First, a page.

(PhysOrg.com) -- A University of Michigan professor has created 3-D portraits of the president-elect that are smaller than a grain of salt. He calls them "nanobamas."
John Hart, an assistant professor in the Department of Mechanical Engineering, made the mini-Barack Obama likenesses with his colleagues to raise awareness of nanotechnology and science.
Each one contains about 150 million carbon nanotubes stacked vertically like trees in a forest. A carbon nanotube is an extraordinarily strong hollow cylinder about 1/50,000th the width of a human hair.
"Developments like this are an excellent way to bring the concepts of nanotechnology to a broader audience," said Hart, who made the portraits with his colleagues by working late on a Friday evening. "Also, we thought it would be fun."
Carbon nanotubes could be used in solar cells and batteries, new methods of diagnosing and treating disease, next-generation computer processors and memory, and stronger lightweight materials. Hart's Mechanosynthesis Group focuses on studying how to make nanostructures like nanotubes, and how to use these small-scale building blocks in electronics, energy devices and high-performance materials.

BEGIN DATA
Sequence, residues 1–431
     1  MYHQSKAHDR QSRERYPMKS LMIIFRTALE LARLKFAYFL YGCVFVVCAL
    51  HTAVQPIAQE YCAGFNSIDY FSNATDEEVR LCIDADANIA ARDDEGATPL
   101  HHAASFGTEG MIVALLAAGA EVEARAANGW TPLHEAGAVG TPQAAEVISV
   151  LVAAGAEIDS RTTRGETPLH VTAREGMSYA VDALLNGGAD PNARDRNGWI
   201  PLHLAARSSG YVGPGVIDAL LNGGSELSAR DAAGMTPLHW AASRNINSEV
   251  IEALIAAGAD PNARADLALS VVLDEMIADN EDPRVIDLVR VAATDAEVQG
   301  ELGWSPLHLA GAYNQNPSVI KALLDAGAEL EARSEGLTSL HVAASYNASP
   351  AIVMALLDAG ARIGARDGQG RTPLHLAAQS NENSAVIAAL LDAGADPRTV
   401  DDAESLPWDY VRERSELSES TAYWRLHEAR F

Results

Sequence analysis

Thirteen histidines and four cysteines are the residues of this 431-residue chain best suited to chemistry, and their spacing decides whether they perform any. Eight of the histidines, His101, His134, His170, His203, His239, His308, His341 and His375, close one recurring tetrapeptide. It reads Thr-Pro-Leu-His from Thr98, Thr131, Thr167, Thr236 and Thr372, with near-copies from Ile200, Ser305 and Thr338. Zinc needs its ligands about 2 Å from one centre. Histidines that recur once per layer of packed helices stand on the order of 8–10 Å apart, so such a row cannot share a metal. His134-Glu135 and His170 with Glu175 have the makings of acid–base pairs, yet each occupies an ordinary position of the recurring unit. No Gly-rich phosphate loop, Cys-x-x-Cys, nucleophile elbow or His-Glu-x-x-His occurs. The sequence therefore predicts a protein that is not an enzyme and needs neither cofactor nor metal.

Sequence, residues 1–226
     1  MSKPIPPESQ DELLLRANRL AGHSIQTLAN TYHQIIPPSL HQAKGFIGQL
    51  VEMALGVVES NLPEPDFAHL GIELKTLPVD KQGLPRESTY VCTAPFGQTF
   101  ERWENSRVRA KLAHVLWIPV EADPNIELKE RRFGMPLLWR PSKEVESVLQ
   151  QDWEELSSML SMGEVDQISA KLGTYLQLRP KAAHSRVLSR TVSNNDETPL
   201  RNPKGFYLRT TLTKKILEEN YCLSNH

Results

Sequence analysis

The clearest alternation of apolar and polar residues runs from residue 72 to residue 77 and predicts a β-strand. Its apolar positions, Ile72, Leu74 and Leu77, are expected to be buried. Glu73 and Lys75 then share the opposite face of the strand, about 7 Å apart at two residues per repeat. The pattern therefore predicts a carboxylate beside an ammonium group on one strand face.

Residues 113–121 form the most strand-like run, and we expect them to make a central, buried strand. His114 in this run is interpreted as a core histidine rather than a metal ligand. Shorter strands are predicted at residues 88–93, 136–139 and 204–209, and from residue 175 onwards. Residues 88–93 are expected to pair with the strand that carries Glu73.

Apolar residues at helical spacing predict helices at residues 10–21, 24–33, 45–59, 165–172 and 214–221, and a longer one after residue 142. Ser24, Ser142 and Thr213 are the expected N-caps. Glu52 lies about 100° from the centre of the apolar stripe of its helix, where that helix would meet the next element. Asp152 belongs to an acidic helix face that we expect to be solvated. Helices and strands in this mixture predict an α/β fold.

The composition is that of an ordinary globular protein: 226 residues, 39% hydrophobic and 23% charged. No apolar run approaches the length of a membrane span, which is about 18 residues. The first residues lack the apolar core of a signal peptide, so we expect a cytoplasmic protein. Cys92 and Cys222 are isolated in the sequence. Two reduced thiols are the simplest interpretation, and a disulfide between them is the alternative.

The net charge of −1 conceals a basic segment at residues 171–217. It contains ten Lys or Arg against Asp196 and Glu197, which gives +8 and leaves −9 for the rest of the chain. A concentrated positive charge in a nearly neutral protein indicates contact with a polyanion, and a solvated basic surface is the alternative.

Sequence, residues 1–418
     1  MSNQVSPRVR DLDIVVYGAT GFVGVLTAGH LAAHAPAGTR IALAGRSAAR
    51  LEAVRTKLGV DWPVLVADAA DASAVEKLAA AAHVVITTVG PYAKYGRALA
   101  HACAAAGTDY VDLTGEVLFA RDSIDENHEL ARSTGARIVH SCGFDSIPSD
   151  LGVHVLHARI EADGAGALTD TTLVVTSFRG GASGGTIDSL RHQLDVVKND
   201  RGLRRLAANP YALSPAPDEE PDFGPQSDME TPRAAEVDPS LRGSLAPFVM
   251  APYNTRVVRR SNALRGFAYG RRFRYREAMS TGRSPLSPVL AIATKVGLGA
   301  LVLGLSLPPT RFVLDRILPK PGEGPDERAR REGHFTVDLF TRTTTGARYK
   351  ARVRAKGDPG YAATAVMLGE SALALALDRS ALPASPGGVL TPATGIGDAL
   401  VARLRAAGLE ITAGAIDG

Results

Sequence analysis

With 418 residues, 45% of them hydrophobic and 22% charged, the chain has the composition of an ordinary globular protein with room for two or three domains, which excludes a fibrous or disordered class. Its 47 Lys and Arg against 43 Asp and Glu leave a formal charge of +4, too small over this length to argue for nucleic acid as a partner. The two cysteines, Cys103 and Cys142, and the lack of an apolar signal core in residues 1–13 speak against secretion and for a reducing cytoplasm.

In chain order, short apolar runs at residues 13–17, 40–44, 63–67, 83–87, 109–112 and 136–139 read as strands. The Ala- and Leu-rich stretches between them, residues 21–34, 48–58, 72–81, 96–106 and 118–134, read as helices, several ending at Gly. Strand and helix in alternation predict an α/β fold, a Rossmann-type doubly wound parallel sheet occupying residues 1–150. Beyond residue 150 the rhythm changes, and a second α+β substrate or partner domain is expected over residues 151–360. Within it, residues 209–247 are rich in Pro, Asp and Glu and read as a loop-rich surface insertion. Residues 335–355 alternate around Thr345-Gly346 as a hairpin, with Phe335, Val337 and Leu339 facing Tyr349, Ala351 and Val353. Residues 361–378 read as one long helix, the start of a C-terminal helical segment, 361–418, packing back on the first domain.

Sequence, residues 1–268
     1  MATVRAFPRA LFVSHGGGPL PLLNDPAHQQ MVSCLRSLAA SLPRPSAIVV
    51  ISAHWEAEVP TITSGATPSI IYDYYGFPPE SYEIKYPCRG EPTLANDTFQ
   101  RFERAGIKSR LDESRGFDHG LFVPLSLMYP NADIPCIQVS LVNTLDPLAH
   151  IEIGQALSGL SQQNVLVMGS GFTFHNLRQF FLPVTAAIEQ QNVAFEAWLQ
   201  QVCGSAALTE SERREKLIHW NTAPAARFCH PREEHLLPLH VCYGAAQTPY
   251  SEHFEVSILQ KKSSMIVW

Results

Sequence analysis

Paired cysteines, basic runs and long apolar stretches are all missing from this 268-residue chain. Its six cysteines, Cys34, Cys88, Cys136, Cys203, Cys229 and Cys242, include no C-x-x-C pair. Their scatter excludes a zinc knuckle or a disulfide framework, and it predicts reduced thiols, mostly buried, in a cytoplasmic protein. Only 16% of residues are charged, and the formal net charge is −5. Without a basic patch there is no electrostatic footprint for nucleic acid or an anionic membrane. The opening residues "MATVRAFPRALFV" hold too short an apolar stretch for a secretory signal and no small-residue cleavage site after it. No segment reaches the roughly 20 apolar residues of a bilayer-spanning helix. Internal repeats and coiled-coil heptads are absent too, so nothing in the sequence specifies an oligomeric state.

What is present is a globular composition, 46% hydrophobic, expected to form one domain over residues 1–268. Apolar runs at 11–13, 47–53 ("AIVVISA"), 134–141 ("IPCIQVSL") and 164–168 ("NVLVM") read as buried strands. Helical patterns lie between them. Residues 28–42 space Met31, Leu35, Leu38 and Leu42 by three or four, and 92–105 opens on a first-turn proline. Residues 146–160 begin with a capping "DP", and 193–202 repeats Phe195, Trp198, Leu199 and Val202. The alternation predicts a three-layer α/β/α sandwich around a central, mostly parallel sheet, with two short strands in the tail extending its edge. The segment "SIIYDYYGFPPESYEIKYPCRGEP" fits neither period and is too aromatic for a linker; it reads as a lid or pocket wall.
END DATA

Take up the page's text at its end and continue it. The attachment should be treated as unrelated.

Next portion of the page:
To create the nanobamas, the researchers converted Shepard Fairey's famous red, white and blue poster of Barack Obama to a line drawing. They shrunk it and printed it on a glass plate with a laser to create a mask. They shined ultraviolet light through the masked glass plate on to a silicon wafer to create the pattern. Then they grew the carbon nanotubes on the pattern, using a high-temperature chemical reaction.
The researchers photographed the nanobamas with an electron microscope. The faces are half a millimeter in size.
Nanobama is Hart's latest artwork too small for the naked eye to see. His complete gallery is at nanobliss.com, a site he started in 2006, inspired by the beauty in the structures he was building for his dissertation. Hart has used this technique to make Michigan logos, snowflakes and a mock Absolut Nano ad that shows nanotubes grown in the shape of a vodka bottle.
Provided by University of Michigan
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